June 22, 2018
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Family dog trains boy to be human

Sarah Smiley
By Sarah Smiley

Many people were shocked when Dustin and I surprised the boys last Halloween with a puppy, just three weeks before Dustin left for his deployment.

“Are you sure you want to take on the extra responsibility?” they asked.

And, “Do you know what you’re getting into?”

What most people didn’t know, however, was that we had a 4-year-old who believed he was a dog, to the point of eating off the floor and carrying a tennis ball in his mouth.

Before Sparky, the last dog we lived with was a border collie named Annie, who, I suspect, could manage pre-algebra. She was one of the smartest dogs I’ve ever known, except for that time she ate an SOS steel wool pad.
But Annie also liked to eat wood — specifically, our back porch — so she left us to work on a 13-acre farm in Florida.

Lindell never knew Annie.

We had a long, pet-free period (unless you count fish), until one year ago when the boys ran from the schoolyard to greet the new puppy waiting for them on the sidewalk. So long as Sparky wasn’t on a mission, like Annie, to destroy every single thing we own, I knew he would be a welcome addition.

Yes, even though Dustin was leaving.

You see, as it turns out, Sparky, a Brittany spaniel, has been a great distraction, especially for Lindell. Sparky has been cried on, hugged (perhaps too tightly) and fought over (“He’s sleeping in my room.” “No, my room!”).

Sparky even was an accomplice to the great “runaway episode” several months ago. I can’t say which one, but a son ran away to the end of the street with no suitcase or change of clothes, but with a willing dog, who likes to go on walks, by his side.

Sparky has also done wonders for Lindell’s confusion about being a dog.

At first, Sparky and Lindell had some “getting used to” (Lindell’s words) to do. Sparky often sighed, and sometimes ran away, when Lindell came near. This might have had something to do with the Scooby-Doo costume Lindell wore and the fact that he took naps in Sparky’s bed — usually on top of Sparky.

Eventually, however, Lindell “learned Sparky’s lessons” (again, Lindell’s words), and besides that time Sparky ran out the backdoor with Lindell’s underwear, the two seldom make each other cry. They have settled into a nice, passive-aggressive relationship of sibling rivalry.

Sparky has brought out many aspects of all my boys’ personalities. Lindell is the instigator. He is not opposed to blaming his mess on Sparky. Ford is the dutiful helper, always willing to take Sparky for a walk or feed him breakfast. Owen is the empathizer. When Sparky had to wear the dreaded “cone of shame” (a post-surgery e-collar) last week, Owen hand-fed his meals to him.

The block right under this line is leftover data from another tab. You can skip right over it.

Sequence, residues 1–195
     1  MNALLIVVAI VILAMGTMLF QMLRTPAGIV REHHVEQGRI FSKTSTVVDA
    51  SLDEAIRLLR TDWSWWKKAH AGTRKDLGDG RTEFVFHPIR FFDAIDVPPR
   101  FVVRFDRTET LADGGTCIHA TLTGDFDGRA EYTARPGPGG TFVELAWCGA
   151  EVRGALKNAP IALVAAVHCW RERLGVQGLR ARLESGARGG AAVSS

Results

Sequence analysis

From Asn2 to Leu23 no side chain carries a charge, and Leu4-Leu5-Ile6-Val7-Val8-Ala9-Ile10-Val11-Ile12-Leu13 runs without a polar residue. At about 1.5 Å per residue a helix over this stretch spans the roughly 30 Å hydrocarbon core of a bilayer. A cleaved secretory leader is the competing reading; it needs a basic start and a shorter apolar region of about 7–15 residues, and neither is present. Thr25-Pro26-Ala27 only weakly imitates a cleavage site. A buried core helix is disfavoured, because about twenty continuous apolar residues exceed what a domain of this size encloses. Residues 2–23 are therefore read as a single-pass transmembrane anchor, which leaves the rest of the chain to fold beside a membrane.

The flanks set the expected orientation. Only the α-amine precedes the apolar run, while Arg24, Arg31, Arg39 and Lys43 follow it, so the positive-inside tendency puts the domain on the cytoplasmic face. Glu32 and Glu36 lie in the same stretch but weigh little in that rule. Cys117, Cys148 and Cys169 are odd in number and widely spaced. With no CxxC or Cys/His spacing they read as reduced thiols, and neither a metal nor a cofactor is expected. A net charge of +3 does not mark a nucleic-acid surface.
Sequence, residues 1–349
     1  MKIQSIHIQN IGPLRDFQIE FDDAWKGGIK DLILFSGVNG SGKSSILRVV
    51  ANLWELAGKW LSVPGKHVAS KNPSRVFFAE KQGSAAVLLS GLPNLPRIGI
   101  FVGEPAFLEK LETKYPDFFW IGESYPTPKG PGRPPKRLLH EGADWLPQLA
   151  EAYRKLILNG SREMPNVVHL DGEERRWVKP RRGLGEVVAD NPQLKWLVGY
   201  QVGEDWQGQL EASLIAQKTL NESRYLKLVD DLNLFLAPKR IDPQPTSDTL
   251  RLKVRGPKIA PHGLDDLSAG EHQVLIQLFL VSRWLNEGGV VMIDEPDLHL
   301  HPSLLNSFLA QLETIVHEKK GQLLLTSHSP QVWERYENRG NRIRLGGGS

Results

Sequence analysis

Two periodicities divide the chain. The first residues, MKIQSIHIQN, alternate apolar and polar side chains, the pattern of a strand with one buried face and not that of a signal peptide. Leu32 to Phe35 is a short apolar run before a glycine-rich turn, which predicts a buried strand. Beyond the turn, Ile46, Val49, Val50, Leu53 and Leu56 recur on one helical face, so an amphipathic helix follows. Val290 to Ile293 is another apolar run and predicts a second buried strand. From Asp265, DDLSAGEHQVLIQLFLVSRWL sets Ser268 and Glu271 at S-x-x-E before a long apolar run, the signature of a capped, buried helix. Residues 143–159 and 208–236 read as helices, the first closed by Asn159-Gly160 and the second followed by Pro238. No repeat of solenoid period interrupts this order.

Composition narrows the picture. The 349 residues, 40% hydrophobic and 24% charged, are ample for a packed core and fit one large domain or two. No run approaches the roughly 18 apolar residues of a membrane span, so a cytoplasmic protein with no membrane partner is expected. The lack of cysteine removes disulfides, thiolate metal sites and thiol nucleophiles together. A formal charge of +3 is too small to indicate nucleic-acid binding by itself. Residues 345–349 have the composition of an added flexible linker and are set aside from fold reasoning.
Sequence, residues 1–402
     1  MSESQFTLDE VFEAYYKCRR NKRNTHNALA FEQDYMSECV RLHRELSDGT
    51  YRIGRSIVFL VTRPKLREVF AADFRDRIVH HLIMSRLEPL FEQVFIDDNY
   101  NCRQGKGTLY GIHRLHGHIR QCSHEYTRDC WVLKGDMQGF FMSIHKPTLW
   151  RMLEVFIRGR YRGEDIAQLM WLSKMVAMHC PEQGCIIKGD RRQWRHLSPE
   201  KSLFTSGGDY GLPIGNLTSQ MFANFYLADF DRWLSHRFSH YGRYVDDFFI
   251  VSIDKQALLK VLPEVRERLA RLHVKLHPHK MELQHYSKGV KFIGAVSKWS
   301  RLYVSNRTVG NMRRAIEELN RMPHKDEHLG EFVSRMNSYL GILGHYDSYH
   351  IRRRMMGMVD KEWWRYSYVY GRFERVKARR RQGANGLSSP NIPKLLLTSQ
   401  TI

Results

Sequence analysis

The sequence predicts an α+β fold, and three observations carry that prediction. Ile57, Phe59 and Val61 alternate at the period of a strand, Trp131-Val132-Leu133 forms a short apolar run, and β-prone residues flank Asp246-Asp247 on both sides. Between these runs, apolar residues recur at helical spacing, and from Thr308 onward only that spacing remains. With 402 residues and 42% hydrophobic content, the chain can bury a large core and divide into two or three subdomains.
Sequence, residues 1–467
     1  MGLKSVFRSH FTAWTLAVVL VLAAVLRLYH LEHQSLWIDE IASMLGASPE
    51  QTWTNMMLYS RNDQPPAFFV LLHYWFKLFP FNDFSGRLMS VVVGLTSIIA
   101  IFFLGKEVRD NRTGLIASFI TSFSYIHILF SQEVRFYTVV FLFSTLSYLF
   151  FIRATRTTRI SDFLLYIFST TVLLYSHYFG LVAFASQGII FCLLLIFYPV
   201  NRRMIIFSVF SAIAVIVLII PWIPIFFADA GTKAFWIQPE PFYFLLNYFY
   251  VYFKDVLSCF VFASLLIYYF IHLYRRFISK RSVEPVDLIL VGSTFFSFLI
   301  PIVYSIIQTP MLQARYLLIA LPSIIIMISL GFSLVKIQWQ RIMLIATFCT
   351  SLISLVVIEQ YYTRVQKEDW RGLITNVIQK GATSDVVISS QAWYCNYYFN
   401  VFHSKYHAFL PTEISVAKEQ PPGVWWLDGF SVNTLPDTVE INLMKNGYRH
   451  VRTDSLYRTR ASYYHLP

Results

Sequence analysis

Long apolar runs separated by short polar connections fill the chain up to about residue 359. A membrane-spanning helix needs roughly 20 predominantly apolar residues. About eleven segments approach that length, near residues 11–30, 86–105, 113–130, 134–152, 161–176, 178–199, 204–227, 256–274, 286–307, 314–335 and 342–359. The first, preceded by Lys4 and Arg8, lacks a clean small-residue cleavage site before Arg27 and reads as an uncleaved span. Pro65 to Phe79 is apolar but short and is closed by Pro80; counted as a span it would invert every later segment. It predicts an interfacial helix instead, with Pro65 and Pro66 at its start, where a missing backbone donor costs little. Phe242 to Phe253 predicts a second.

Just as a husband and wife unite in their children, the older boys and I have bonded over our shared love of Sparky. When we pick up Sparky after a bath or time spent playing with another dog, Ford and Owen smile uncontrollably.

“Look at him just sitting there with those other dogs,” they say. Or, “Look at how smart he is.”

This reminds me of parents’ behavior when they pick up their children at school. Also, it reminds me of the way Ford and Owen act when they see Lindell playing at the park with friends.

Lindell doesn’t participate in these loving observations of Sparky, because he doesn’t view Sparky as a “child.” He sees him as a brother. While Lindell has moved past believing he himself is 100 percent dog (it’s been a long time since he carried a tennis ball in his mouth), he and Sparky are still, in many ways, growing up together. They are in parallel states of innocence and wonder.

I wish I could suspend them there.

Soon, Lindell will move past Sparky (age- and experience-wise), even though I know he will never outgrow him. There will always be a little piece of Lindell that is part-Sparky/dog.

Which brings me back to Lindell’s species identity.

When my mother-in-law Robin was visiting last month, she told the boys about a new way to study genealogy. Using a test-tube provided by a scientific company, Robin sends a sample of her saliva to be analyzed for DNA. The results tell her what percentage of her DNA is European, Middle Eastern, etc.

Ford’s and Owen’s eyes lit up at the thought.

Later, they asked me, “Can we do this with Lindell and add a little bit of Sparky’s spit before sending it off, so that the results come back with ‘You are 10 percent dog?’”

I laughed. And then I felt sad. If that could actually work — if it would keep my two youngest boys, Lindell and Sparky, in a suspended state of blissful innocence — I just might try it.

Maine author and columnist Sarah Smiley’s writing is syndicated weekly to publications across the country. She and her husband, Dustin, live with their three sons in Bangor. She may be reached at www.Facebook.com/Sarah.is.Smiley.

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